Family First NZ is labeling the report released today by the Prostitution Review Committee as biased, flawed, and failing to heed the concerns of the community and police.
“Even from the outset, the committee was ‘stacked’,” says Bob McCoskrie, National Director of Family First NZ, “and has failed to have fair representation of people both for and against the decriminalisation of prostitution. Of the eleven members, our observation is that only three or four would have been against decriminalisation. This is hardly an unbiased approach.”
“There is also concern that the Prostitutes Collective did the one-on-one interviewing which also reeks of bias.”
Their claims of decreased numbers are inconsistent with what the Prostitution Law Review Committee’s report on the State of the Sex Industry in NZ tabled in Parliament in 2005 found, what Streetreach (an organisation working on the streets with prostitutes) has claimed, what prostitutes themselves have said, and what the police have observed. The report acknowledges the difficulty in a true estimate of the numbers of sex workers.
A police sting in January found that 16 teenagers aged between 13 and 17 were prostituting themselves in South Auckland, as well as houses being tenanted by gangs accommodating under-age prostitutes.
“If underage prostitution is exploitation, why isn’t adult prostitution,” says Mr McCoskrie. “It is ironic that the report says that there are ‘many negative consequences’ for under age people in prostitution including ‘physical, psychological and emotional harm’, yet other prostitutes are assumed to be immune from this harm.”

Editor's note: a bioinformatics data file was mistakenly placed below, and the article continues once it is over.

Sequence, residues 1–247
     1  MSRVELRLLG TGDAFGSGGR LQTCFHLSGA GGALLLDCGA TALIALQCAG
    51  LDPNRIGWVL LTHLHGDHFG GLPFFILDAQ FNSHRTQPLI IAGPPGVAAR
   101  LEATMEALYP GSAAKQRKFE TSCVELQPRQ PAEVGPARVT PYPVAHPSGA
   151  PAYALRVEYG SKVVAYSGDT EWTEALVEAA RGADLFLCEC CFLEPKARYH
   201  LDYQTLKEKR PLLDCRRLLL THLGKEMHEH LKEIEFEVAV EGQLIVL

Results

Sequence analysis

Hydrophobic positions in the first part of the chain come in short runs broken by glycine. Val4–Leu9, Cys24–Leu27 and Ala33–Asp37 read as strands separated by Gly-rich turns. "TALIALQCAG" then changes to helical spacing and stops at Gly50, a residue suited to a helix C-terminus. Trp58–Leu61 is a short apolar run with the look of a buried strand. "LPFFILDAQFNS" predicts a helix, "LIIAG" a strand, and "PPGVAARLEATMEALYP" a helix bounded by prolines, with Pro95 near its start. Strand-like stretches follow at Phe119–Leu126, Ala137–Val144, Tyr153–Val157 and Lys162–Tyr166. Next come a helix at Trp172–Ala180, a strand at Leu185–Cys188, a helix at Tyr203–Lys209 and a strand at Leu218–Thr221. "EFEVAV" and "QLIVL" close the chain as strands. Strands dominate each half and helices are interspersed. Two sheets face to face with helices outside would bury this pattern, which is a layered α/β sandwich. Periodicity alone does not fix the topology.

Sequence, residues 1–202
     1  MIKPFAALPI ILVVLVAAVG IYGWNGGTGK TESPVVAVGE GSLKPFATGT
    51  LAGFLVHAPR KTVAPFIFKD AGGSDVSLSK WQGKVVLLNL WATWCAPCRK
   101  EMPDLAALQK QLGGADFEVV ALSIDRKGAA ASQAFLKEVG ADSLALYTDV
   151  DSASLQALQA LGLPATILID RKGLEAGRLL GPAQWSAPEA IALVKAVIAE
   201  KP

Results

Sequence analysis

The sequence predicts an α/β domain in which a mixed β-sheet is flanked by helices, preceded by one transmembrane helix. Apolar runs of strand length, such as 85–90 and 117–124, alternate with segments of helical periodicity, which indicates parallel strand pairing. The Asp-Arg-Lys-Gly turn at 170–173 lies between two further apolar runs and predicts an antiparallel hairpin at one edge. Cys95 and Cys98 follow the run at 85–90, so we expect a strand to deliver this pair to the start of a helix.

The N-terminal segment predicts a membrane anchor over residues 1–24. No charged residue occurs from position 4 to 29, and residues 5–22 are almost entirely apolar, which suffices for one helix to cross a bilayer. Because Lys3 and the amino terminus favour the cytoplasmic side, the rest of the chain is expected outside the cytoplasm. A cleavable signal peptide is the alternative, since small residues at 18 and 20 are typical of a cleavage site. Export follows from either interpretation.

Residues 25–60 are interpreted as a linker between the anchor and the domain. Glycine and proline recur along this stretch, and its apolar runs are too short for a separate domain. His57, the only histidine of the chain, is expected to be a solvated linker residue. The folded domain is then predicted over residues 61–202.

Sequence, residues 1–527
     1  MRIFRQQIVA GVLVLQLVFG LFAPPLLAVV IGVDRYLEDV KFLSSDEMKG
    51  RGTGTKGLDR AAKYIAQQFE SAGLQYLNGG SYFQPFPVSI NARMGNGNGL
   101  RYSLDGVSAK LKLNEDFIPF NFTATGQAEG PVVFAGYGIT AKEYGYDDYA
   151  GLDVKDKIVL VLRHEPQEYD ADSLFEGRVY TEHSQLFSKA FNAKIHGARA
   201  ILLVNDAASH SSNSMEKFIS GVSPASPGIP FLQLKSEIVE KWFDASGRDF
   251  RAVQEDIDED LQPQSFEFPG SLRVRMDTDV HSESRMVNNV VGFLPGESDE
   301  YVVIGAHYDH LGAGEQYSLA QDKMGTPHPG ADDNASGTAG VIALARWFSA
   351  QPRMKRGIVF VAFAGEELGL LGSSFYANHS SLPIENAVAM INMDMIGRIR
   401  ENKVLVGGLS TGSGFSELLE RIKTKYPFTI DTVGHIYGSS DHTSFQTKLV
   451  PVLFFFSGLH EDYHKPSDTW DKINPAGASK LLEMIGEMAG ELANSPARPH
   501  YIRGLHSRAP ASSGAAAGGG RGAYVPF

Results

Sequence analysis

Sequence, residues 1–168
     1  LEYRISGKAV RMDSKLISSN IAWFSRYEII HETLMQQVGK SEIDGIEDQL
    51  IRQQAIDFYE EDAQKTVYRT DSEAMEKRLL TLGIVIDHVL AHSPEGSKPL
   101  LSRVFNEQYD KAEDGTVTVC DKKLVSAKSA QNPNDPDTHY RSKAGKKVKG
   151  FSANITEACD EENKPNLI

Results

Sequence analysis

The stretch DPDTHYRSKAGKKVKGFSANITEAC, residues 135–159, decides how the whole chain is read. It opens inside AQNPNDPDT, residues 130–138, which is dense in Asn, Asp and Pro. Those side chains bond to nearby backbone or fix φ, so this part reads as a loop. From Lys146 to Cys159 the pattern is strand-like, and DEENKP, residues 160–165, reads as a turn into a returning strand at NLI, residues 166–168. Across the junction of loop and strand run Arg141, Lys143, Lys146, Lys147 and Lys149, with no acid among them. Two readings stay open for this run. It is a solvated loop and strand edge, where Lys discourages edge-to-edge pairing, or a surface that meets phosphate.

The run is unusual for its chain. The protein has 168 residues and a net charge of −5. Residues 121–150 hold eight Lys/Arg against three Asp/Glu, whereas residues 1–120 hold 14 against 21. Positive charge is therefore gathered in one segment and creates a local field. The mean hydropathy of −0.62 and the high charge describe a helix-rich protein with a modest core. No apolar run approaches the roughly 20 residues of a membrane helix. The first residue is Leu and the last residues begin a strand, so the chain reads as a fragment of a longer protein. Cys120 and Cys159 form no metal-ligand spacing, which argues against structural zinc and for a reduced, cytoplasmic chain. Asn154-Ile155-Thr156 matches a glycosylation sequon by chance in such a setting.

“The police also need more rights and powers to deal with underage prostitution. Police need to use prostitutes as evidence which is virtually impossible and they are not even able to demand to see ID’s, have no right of entry into brothels, and brothel owners are not required to maintain a record of the age identification of sex workers or provide it to police. Sources have told Family First that parlours are still exploiting workers because the workers are more focused on earning a living than a possible infringement of their rights.”
“Prostitution is harmful to workers and communities,” says Mr McCoskrie, “and the association of prostitution with gang and criminal behaviour, alcohol and drug abuse, and sexual abuse and violence means that we are sentencing more and more vulnerable people to an unacceptable situation.”
“The recent opposition to a residential based brothel in the Wellington area and attempts by Manukau City Council to tackle the problems of street prostitution shows that communities are not accepting the liberalised laws.”
“This is a politically expedient report that attempts to whitewash the damaging outcomes of a flawed law change,” says Mr McCoskrie.